Tyson issued a news release on Oct. 7 disputing the “speculative conclusions reached by the analyst.”

The Tyson release failed to bolster the stock price. Shares closed at $67.75 on Oct. 7. By Nov. 21, the price had fallen to $57.60, but it was back above $60 last week.

Meanwhile, Donnie Smith, who had been Tyson’s CEO since November 2009, announced on Nov. 21 that he was resigning on the last day of 2016.

An analyst asked Smith during Tyson’s fourth-quarter conference call on Nov. 21 whether he was stepping down because of the antitrust litigation. Smith denied that, according to a transcript of the conference call provided by Seeking Alpha, a website providing stock market analysis and research.

“This is an excellent time for us to be making this transition,” Smith said. “As we have said before, we dispute the claims. We are looking forward to our opportunity to defending ourselves in court on the litigation.”

Shareholders’ Cases
A week after after Smith announced he was leaving, the first shareholder lawsuit was filed, by Harold M. Voellinger, who bought 50 shares of Tyson stock on Aug. 12 at $74.76 a share.

Using the allegations from the antitrust litigation, Voellinger charged in the lawsuit that Tyson had “made numerous materially false and misleading statements and omissions to investors regarding Tyson’s business and operations.”

Voellinger, who filed his suit in federal court in Fayetteville, also alleged that Tyson had “concealed the true reason for Tyson’s high margins and profits from the sale of chickens.”

Tyson’s revenue for fiscal 2016 fell 10.9 percent to $36.9 billion from the previous year. Its net income, however, rose from $1.2 billion in 2015 to $1.8 billion in 2016.

Rizio-Hamilton, a partner at the New York law firm wanting to represent the shareholders, said the shareholders’ case doesn’t depend on the antitrust litigation because the legal claims are different.

In the antitrust case, consumers allege they were harmed because they paid too much for their chickens; the stockholders allege they overpaid for their Tyson stock because of the failure to disclose antitrust violations.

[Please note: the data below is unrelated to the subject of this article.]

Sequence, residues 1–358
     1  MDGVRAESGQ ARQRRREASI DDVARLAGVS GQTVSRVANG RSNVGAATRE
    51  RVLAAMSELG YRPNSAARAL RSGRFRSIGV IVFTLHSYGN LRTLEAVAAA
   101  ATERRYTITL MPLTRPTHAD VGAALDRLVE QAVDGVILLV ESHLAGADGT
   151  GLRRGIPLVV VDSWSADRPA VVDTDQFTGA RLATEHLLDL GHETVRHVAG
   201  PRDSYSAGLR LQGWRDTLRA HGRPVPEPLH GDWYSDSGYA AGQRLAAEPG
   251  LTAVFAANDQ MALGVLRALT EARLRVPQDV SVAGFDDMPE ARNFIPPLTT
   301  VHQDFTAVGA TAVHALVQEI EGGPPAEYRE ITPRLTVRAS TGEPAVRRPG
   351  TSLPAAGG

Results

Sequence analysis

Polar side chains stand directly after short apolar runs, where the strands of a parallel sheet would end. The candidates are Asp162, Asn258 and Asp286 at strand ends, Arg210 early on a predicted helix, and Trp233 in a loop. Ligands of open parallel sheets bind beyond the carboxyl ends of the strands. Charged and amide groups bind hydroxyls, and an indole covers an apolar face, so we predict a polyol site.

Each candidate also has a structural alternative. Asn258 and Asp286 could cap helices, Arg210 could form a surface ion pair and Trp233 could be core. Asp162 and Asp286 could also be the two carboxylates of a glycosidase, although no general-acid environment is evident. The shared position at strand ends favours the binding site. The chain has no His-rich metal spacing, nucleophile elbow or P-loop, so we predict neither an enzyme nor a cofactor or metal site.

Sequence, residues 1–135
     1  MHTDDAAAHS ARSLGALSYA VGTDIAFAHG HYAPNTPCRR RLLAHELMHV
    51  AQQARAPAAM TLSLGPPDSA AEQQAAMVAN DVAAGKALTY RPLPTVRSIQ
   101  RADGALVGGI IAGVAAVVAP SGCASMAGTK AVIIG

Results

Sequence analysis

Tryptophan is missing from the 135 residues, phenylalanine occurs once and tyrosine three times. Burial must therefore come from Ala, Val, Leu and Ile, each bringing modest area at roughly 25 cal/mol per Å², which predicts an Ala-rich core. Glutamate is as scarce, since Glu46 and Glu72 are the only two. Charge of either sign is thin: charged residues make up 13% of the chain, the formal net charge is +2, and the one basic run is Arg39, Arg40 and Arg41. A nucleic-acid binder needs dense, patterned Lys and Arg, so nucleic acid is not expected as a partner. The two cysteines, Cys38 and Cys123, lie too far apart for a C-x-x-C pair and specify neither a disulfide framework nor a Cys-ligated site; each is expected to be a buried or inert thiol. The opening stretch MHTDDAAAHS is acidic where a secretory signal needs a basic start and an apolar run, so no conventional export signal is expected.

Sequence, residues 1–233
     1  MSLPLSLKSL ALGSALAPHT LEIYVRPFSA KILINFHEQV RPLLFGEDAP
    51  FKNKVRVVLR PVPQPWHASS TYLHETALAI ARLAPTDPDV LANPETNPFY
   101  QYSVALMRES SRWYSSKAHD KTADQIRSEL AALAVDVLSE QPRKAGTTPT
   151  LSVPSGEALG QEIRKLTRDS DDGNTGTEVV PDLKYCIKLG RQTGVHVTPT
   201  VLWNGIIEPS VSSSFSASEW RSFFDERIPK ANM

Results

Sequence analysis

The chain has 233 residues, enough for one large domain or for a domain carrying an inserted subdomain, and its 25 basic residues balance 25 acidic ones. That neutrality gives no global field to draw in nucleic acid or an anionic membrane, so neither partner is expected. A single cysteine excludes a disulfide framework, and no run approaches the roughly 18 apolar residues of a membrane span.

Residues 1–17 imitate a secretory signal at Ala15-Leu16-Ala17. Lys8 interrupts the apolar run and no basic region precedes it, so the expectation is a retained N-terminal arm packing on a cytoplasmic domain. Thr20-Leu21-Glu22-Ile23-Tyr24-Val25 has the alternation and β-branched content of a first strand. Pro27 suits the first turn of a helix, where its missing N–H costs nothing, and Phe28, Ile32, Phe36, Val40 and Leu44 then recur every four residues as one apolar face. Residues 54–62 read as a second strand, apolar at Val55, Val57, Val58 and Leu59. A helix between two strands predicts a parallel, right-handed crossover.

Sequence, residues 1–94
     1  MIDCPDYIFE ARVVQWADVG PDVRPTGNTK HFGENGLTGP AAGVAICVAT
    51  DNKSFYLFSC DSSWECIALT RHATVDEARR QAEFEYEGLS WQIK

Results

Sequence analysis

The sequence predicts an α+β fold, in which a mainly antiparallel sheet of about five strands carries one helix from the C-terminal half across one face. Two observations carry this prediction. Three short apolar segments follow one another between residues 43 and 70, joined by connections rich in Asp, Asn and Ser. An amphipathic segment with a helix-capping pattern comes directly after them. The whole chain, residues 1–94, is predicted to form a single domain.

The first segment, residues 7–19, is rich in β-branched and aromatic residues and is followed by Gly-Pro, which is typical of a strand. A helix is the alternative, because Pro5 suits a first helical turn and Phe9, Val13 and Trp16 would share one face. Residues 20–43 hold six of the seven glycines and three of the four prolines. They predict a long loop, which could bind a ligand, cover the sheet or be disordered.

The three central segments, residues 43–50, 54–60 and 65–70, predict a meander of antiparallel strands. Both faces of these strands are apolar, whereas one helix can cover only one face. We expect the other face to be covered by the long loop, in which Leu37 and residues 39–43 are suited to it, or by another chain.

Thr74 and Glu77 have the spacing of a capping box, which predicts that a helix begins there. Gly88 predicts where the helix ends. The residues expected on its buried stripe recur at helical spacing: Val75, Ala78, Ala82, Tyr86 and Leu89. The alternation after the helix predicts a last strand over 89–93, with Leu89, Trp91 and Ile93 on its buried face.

In order to win the case, the shareholders will have to prove that statements from Tyson about the business were rendered false because it failed to disclose that it was involved in the alleged antitrust activities, said Adam Pritchard, who teaches corporate and securities law at the University of Michigan Law School.

In addition, the plaintiffs would have to show Tyson had “to be at least reckless in making the misrepresentations that they are alleged to have made,” he said. And the person who made the statements should have known that what was being said was false at the time the statement was made, Pritchard said.

Proving that in a securities lawsuit is hard because the plaintiffs, in their initial complaint, must have alleged that whoever made the misstatements should have known the statements were false, said Jessica Erickson a law professor at the University of Richmond School of Law in Virginia.

“What that means is that the plaintiffs have to have facts before discovery … about what was going on in the defendant’s head,” said Erickson, who teaches corporate governance and securities regulation.

And that can be a high bar to clear. So securities attorneys sometimes use other lawsuits as the basis for their complaints.

About 40 percent of securities lawsuits are dismissed early in the proceeding because they can’t meet that requirement, Pritchard said.

Still, if the lawsuit survives a motion to dismiss, “its settlement value goes way up,” Erickson said. “Nobody wants to get to discovery.”

(Update: July 28, 2017A judge dismissed the lawsuit.)